Earlier this month, Cisco warned of a critical vulnerability in its Smart Install Client tool that enables attacks on network switches, potentially hundreds of thousands of them. Switches and routers affected by these assaults became inaccessible and inoperable after hackers wiped their configurations, rendering networks completely unavailable. Cisco was by no means caught unware by this vulnerability; in fact, it had created patches to prevent the exploit, and issued an advisory to draw attention to this critical issue. However, most network administrators were slow to implement the Cisco-provided update, leaving a majority of these network devices vulnerable.
What’s going on here is a shakeup to the status quo, where the introduction of technology for managing large-scale networking deployments can also invite large-scale attacks. As the approach to data center infrastructure evolves, with a shift towards white-box deployments and non-proprietary systems, there will be a similar shift in network security thinking and practices.
Until recently, network engineers could largely rely on “security by obscurity,” since the proprietary architecture customizations used by each network device vendor meant that no single vulnerability presented a target that could affect all that many devices. Network vendors would also customize the operating system used on their network appliances to include only those components and services necessary to fulfill the device’s specific purpose, thus minimizing its attack surface. As a result, any hacking attempts large enough to mention were typically aimed at consumer computing devices utilizing more common versions of operating systems, hardware, or application frameworks – not at enterprise networking devices.
However, the continually escalating need for additional network capacity has driven a decisive shift toward network devices that are easier to manage at scale, and that use more mainstream hardware and software components. Case in point: The Cisco Smart Install Client tool exploited in the recent attacks is intended to speed the deployment of Cisco hardware. Common tools can now be used to manage the entirety of large network infrastructure, from networking to compute to storage systems.
Advances including SDN, NFV, and white-box networking are further adding to the convenience with which networking resources can be deployed. Unfortunately, this convenience also extends to hackers, who now recognize targets that are large enough (and approachable enough) to be worth their attention. Thus, we’re beginning to experience attacks on networking, such as the Cisco hack, that feature a scale and severity like we haven’t seen before.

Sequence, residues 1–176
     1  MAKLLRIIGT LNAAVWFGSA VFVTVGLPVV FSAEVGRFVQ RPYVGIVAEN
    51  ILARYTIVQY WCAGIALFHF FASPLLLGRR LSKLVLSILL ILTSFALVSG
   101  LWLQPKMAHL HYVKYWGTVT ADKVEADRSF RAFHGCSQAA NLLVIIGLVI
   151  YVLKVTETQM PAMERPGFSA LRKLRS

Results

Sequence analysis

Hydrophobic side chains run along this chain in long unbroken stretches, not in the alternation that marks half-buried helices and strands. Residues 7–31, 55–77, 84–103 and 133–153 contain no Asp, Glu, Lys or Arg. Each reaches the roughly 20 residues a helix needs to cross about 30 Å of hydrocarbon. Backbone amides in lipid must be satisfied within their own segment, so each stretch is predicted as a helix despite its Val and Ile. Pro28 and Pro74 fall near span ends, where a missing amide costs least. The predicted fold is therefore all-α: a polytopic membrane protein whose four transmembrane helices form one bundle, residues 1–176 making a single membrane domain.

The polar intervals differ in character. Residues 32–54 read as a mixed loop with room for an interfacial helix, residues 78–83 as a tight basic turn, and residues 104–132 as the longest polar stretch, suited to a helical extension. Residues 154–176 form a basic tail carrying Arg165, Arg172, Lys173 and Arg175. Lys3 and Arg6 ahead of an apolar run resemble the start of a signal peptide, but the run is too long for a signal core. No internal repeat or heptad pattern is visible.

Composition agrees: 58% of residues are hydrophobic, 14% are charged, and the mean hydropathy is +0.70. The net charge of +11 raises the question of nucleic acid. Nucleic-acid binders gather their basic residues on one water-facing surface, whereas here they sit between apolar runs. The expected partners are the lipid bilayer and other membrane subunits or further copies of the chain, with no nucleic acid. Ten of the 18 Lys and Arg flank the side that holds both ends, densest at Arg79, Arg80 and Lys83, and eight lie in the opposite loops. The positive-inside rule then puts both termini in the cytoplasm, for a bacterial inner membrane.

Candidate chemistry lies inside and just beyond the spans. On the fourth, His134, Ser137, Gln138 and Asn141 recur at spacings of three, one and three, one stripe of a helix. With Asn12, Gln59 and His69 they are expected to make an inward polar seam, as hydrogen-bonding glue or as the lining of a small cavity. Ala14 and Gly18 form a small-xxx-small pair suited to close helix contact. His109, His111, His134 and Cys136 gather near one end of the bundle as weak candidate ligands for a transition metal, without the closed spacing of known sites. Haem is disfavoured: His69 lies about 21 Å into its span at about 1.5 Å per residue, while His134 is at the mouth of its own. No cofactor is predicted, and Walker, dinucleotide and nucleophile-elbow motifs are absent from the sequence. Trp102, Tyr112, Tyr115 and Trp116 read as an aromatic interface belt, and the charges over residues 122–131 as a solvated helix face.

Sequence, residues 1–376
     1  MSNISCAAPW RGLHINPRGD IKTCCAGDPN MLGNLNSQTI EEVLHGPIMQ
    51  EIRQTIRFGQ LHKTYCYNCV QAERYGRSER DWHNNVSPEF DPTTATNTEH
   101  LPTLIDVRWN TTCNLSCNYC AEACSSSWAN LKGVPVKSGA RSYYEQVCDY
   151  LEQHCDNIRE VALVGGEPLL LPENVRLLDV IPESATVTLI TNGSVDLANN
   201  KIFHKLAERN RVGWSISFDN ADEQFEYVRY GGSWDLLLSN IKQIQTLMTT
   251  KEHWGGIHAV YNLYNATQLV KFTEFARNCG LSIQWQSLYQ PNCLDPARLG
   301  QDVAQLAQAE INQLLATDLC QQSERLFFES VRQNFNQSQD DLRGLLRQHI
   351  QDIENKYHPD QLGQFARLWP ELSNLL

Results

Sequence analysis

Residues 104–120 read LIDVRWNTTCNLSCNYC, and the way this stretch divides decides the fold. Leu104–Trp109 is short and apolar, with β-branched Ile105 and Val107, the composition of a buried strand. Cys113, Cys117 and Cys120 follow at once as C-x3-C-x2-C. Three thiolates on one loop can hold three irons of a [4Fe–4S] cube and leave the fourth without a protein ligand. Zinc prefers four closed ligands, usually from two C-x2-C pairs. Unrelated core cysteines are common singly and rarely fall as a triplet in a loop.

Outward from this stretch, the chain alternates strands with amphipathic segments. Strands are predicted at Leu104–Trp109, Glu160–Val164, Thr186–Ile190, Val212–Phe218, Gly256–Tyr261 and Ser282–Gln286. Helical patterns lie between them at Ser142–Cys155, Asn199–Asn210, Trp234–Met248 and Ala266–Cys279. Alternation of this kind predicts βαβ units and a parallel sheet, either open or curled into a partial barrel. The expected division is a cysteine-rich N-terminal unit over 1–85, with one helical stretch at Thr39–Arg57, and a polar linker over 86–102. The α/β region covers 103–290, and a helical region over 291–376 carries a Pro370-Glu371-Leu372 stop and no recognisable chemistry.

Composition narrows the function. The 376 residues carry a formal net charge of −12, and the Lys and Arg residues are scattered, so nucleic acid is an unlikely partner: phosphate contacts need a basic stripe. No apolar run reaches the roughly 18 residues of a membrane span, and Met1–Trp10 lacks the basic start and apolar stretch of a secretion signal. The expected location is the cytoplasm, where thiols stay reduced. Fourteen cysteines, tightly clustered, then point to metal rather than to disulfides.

Under the previous status quo, the deliberate pace with which network engineers installed firmware updates to network devices was actually intentional and prudent. Patching a network device such as a Cisco switch isn’t a carefree operation like clicking “update” on a computer or phone. Rather, human error and configuration change are the most common causes of network downtime, the devastating business costs and consequences of which are a network admin’s job to avoid. In the absence of vendor-neutral automated configuration management and provisioning systems, network engineers have traditionally been very careful to minimize potential disruptions by only adopting firmware updates when absolutely necessary.
But network engineers must now adapt to the new reality in the industry. Security advisories must be taken to heart and patches must be deployed rapidly, or major attacks on networking infrastructure will continue to succeed. To do this safely, network engineers will need to adopt new tools and processes, including automated configuration management and provisioning systems that can eliminate human errors, prevent downtime, and roll back changes to automatically recover if or when a disruption does occur.
The shift in networking toward the use of more mainstream components and large-scale deployments is a necessary one, but also something that can really be more opportunity than crisis for those operations teams ready to evolve their practices to mirror these trends and counter the threats. By adapting to this shift and adopting the right tools, engineers can oversee networks that are larger, more manageable, and more secure than ever.
Marcio Saito is Opengear's chief technology officer, where is responsible for the company's product and technology strategy. He previously held executive-level positions in global technology companies. At Cyclades, he was a pioneer in the open source software movement and helped to establish the concept of out-of-band management for data center infrastructure. Later, as the VP of strategy for Avocent, he managed product and engineering teams and led the development of one of the first DCIM solutions in the market. He holds a BSEE degree from University of São Paulo